Calla lilies (Zantedeschia sp.) are well known for their stunning blossoms, but it can be disappointing when their leaves and flowers begin to droop. Drooping is typically linked to water problems, but other issues can also cause the wilt.
Calla lilies droop due to underwatering, overwatering, too much sunlight, root rot disease, compacted soil, and repotting stress. The main fix is to repot your calla lily in a well-drained potting mix and place it under partial shade. Water the plant only when the top inch of soil is dry to allow it to recover.
Before you apply a fix, diagnose the plant to determine the cause of drooping and treat it as a specific problem. I’ve explained
Reasons and fixes for drooping calla lily
Calla lilies are easy to care for but can be sensitive to environmental changes. In my experience, changes in temperature, humidity, watering patterns, and top-heaviness easily cause these flowers to droop and wilt.
Here are the most common reasons that cause drooping in calla lilies.
Calla lilies prefer moist soil to thrive. Underwatering, in this case, will make the soil dry out.
The dry soil will dehydrate the calla lilies’ roots, reducing their ability to take in enough nutrients to nourish them. Hence, the plant’s stem will weaken, and the leaves will lose their turgidity. Eventually, they will wilt and then sag due to lack of water.
Prolonged lack of water affects the hydrostatic pressure or what’s called turgor pressure in the plant, leaving the leaves, flowers and stems to wilt and droop.
Underwatering can also cause the soil to become compact and reduce the chances of water reaching the roots when you water them. Hence, the plant becomes dehydrated and starts to droop.
Water the calla deeply until the soil is moist but not soggy. Place the plant under partial shade to allow it to absorb the water and restore its normal turgidity. Slowly, you’ll notice it revive from drooping and attain its normal appearance.
At this point, resume a healthy calla lily watering routine, which should be once a week or a little more frequently during the hot summer months.
When you overwater your plant, the roots get waterlogged, preventing it from effectively taking in water and minerals.
Eventually, the roots of your calla lily will start to rot, making it difficult for them to support the plant. The plant’s stem will sag, and the leaves will start drooping due to its inability to draw in water that’s required for support.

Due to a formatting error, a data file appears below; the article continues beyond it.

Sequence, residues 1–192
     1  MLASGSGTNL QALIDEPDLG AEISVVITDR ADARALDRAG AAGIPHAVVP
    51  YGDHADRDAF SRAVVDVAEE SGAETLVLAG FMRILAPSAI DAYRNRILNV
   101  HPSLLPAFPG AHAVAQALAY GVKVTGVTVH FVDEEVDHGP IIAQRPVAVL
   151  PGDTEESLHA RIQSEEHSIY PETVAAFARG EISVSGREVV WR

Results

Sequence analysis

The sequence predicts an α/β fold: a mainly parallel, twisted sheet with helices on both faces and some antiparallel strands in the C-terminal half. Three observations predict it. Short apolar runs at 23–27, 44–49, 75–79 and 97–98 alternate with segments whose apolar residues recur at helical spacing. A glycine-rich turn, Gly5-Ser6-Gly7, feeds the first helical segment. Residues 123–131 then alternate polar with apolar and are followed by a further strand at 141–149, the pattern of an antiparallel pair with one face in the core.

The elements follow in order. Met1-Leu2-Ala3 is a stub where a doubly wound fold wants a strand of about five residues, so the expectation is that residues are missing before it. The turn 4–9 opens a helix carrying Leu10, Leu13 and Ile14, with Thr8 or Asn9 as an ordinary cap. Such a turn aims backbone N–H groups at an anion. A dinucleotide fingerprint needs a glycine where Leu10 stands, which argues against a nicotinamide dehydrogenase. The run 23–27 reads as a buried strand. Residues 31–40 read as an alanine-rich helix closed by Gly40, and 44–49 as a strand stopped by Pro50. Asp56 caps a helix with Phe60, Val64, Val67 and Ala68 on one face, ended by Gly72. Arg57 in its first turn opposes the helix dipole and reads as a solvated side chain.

Pro tip: Plants like calla lilies and peace lilies droop even when overwatered, and giving them an extra drench will only kill them. You want to ensure you check the soil for moisture to determine if the problem is the plant sitting in excess water before treating it.
Limiting the amount of water you give your Calla Lilies and only water them when the top inch of soil is dry is essential. It is also essential to ensure that the soil drains adequately to prevent water from stagnating around the roots.
First, check to ensure the drainage hole in the planter is not clogged and that it is working. Second, drain the excess water from the pot.
- If the pot didn’t have drainage holes, drill a few into it to allow the excess water to drain out.
- I have found succeeded by removing the root ball from the potting soil and wrapping it in old newspapers and toilet paper overnight to drain the excess water before repotting it.
When the calla lily recovers from overwatering, ensure you water it only when the top inch of the soil is dry. Water deeply once a week, allowing the soil to drain well in between. Avoid letting the plant sit in standing water to prevent root rot.
3. Extreme temperatures
Calla lily is a tropical plant and cannot survive in cold temperatures. Even the slightest amount of frost can cause the leaves to wilt and droop.
Despite the calla lily being a tropical plant that loves warm temperatures, high temperatures might also kill it. Extreme temperatures exceeding 75℉ cause the plant to lose more water than it takes in, making it droop.
Furthermore, sudden temperature changes can also cause calla lilies to droop. If you bring the plant indoors after exposing it to outdoor conditions during the onset of winter, it may take some time to adjust and might droop.
Zantedeschia prefers daytime temperatures between 55℉ to 65℉ with slightly cooler night temperatures. Maintain indoor temperatures within this range to keep your calla lily happy and healthy.
Fertilizing is good for plant growth, but excess nitrogen fertilizer often causes severe symptoms, including drooping, legginess or weak stems, and too much foliage.